Historically, Fiserv has used a bank partner to handle the end-of-day transaction settling for merchants. The special purpose charter would allow Fiserv to own the transaction end-to-end, eliminating third-party risk, said Tony DeSanctis, a senior director at Cornerstone Advisors. It’s also a more profitable endeavor for Fiserv, because the company doesn’t have to pay a bank to handle those transactions, he said.
Fiserv, led by CEO Frank Bisignano, is likely “looking to vertically integrate a little bit more,” DeSanctis said in an interview. “I think Frank and the folks at Fiserv are all about making things efficient, and controlling as much as possible where it makes sense.”
Additionally, it’s probably been challenging to find bank partners, because it doesn’t offer much benefit for financial institutions, he said. “It’s not a core business for anybody, and in a world where expenses are continuing to be challenged, [banks] don’t necessarily want to do that.”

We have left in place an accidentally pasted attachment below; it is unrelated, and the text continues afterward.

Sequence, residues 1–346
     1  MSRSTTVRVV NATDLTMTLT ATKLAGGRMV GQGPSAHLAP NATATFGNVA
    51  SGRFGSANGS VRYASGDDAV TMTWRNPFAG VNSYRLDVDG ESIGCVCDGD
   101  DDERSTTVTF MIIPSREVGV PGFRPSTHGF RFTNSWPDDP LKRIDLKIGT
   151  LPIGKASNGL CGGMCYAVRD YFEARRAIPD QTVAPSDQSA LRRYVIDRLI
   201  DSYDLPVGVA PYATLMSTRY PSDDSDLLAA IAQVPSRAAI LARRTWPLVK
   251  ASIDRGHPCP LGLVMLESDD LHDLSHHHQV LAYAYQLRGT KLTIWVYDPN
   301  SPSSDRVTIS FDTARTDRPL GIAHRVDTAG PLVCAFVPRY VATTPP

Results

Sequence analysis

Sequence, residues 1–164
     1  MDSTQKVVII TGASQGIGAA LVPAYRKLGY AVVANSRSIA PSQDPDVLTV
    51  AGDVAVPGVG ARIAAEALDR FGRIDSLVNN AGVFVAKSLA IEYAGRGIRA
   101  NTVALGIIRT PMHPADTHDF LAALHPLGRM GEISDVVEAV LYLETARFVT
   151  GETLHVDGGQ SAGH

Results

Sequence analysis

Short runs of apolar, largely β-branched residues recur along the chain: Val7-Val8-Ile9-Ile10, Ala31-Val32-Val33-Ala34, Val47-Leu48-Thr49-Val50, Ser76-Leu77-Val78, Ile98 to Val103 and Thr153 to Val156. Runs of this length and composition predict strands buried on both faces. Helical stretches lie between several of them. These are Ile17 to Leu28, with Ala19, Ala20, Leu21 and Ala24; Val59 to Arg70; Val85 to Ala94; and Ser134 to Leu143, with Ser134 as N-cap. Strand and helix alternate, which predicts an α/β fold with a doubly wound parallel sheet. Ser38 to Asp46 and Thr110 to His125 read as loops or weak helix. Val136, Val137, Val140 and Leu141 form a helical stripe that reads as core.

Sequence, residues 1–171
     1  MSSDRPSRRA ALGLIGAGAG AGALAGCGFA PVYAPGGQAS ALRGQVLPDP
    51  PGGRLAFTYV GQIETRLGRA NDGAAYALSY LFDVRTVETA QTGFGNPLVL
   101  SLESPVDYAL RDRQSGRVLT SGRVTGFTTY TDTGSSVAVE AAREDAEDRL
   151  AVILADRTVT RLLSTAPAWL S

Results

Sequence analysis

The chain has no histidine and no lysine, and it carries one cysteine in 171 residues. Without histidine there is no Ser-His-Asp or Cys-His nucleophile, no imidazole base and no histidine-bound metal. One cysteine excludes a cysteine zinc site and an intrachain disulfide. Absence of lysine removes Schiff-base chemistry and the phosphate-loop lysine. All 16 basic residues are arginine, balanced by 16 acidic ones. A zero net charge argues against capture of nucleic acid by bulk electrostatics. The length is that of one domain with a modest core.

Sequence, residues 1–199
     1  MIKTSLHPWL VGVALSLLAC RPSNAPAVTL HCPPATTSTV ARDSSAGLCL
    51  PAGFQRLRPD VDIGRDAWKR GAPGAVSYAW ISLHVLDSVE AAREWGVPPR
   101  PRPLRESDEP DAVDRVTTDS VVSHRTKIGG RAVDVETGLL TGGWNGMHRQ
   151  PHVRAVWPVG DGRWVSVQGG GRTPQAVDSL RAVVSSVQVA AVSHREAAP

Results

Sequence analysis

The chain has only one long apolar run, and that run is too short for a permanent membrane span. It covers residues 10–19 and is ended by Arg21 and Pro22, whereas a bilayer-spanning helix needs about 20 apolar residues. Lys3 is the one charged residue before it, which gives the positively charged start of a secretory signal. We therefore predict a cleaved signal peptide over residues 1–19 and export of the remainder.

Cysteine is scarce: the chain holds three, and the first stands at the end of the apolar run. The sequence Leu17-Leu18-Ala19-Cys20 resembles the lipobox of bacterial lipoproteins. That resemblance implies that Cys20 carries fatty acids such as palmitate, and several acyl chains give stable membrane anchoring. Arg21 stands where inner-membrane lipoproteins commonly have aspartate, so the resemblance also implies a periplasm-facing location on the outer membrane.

First Data, which Fiserv acquired in 2019, previously was part of a joint venture with Bank of America, but that partnership was terminated months after the acquisition was announced.
In the merchant arena, “the margins are so thin and getting thinner,” DeSanctis said. “If you don’t have scale, you can’t compete.” The more scale a company has and the more cost they can “suck out of the process, the better chance you have to compete,” he said.
Fiserv was the largest non-bank merchant acquirer in 2022, beating rival Fidelity National Information Services’ Worldpay unit, according to a ranking last year by the Nilson Report. JPMorgan Chase, the largest U.S. bank, occupies the No. 1 spot in merchant acquiring.
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